• Confessions of a Community College Dean

    In which a veteran of cultural studies seminars in the 1990s moves into academic administration and finds himself a married suburban father of two. Foucault, plus lawn care.

Title

Geography Pop Quizzes

"Where is the ATEC building?"

January 23, 2020
 
 

Classes started Wednesday, which meant that Wednesday morning featured new students wandering around campus, asking directions.

For most people who work here, that isn’t much of a challenge. But I’m not most people.

Many of us took a battery (accurate term!) of standardized tests in junior high that was supposed to offer career guidance. I scored well in several areas, but with a conspicuous and vertiginous drop in the spatial relations category. The report the test generated for me said something to the effect of “you can be anything you want, except an architect.” That was fine with me -- the very thought of blueprints caused chills -- and it was borne out a few years later when I fought a valiant, but mostly losing, battle with geometry. Even as a kid, I never saw the appeal of jigsaw puzzles. Still don’t.

Later, when I discovered syllogisms, I realized that my problem with geometry wasn’t a problem with logic. It was about visualizing spaces. Syllogisms were perfectly fine and even sort of fun. They were verbal rather than spatial. It was the “what would this box look like folded up?” style of question that threw me. Even now, I give my GPS a pretty aggressive workout whenever I’m in a new place. I have been known to get lost in hotel lobbies.

(The Boy and I still laugh about the time in Massachusetts when I was trying to get him to his basketball game in a neighboring town. As we came upon the “Welcome to Connecticut” sign, we knew something had gone wrong …)

All of which is to say that a seemingly innocent question -- “Where is the Advanced Technology building?” -- can send me into vapor lock. That’s not because I don’t know where it is; given the chance, and if the student agreed, I could easily walk them there. But putting that into words in ways that someone without landmarks would understand requires a really taxing bit of translation. For those who know the Brookdale campus, a student in the lot by the arena asked for directions to ATEC. After several awkward seconds of trying to figure out how to phrase it, I settled on getting her halfway there and hoping she’d see the sign. And even that took more energy than I care to admit. “Well, you make a left here and then a right. Then there will be a ramp on your right. Go up the ramp and, uh, look for the sign …” It wasn’t great.

The first week is filled with questions like those, asked by people in a hurry. I’m flattered by their naïve faith in my ability to answer the questions. Sometimes they’re easy, as when they’re only a couple of doors away from the office they want. And sometimes I have the option of just walking them there, which is fine. In my limited defense, I’ll submit that the main building on the main campus is one of the less intuitive structures you’ll ever see. A verbal description of the route from, say, the main-floor entrance of MAS to MAN 211 would be about as complicated as the infield fly rule. (MAS, MAC and MAN are all the same building; the S is for South, the C for Central and the N for North.) Even skilled translators sometimes have to resort to “it’s easier to show you than to tell you,” which makes me feel a little better.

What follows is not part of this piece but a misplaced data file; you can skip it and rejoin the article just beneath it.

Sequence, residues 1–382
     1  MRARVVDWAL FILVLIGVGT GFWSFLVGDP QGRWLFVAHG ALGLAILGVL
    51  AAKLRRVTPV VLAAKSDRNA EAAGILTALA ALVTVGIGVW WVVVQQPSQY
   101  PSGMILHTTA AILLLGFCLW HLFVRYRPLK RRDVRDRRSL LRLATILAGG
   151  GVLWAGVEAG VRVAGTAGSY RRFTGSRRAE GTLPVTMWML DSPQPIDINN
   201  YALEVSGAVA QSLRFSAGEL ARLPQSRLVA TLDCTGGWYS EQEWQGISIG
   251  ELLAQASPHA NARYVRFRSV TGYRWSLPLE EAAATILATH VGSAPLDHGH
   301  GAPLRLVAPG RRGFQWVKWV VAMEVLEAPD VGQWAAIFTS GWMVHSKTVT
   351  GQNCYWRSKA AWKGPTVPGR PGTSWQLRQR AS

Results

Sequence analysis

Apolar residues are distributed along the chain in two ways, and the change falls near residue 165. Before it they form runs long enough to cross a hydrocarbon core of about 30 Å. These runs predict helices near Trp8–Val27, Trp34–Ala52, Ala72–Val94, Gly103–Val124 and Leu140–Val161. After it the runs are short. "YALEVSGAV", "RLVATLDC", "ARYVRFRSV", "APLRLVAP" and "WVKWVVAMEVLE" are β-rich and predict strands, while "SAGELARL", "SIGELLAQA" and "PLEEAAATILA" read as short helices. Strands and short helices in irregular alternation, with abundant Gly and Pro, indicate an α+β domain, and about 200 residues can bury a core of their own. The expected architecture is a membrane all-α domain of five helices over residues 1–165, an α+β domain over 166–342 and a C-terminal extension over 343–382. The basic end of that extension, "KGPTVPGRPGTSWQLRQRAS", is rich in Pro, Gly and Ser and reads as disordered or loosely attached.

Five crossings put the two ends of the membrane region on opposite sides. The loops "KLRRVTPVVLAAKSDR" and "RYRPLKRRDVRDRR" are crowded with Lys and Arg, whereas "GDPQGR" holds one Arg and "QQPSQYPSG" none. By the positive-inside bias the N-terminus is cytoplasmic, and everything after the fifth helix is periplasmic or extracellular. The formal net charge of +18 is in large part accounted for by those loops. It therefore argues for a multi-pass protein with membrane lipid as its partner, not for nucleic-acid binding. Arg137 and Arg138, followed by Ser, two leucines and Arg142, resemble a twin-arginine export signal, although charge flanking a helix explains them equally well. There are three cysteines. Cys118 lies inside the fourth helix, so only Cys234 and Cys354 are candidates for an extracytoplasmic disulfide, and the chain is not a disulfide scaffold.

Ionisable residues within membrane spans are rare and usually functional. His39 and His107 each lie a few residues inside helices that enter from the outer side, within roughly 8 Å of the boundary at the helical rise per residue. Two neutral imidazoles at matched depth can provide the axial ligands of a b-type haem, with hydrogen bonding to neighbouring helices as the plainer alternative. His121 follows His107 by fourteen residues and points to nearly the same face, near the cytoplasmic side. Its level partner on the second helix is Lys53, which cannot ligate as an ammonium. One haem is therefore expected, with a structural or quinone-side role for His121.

Most campuses have some mind pretzels like that. At Holyoke, the bridge from the second floor of Frost connected to the third floor of Marieb, so you’d go up a floor without climbing a single stair. (The campus was built into the side of a hill.) A written instruction for how to get from the third floor of Frost to the old cafeteria without going outside would have required several pages. At Morris, my office, B256, was next to B209, on the same side of the hallway. The mathematical reasoning there was too subtle for me.

I’ve learned over time to be less self-conscious about those vapor-lock moments; they seem to bother me much more than they bother the students. And they can see that I’m trying, which conveys respect; once respect is obvious, many sins are forgiven. But I’m glad that plenty of people on campus are more spatially fluent than I am. And so far we haven’t discovered any students cowering in dark corners, shivering and disoriented from the bad directions I’ve given, so there’s that.

As long as I don’t see a “Welcome to Pennsylvania” sign, I’m willing to declare victory.

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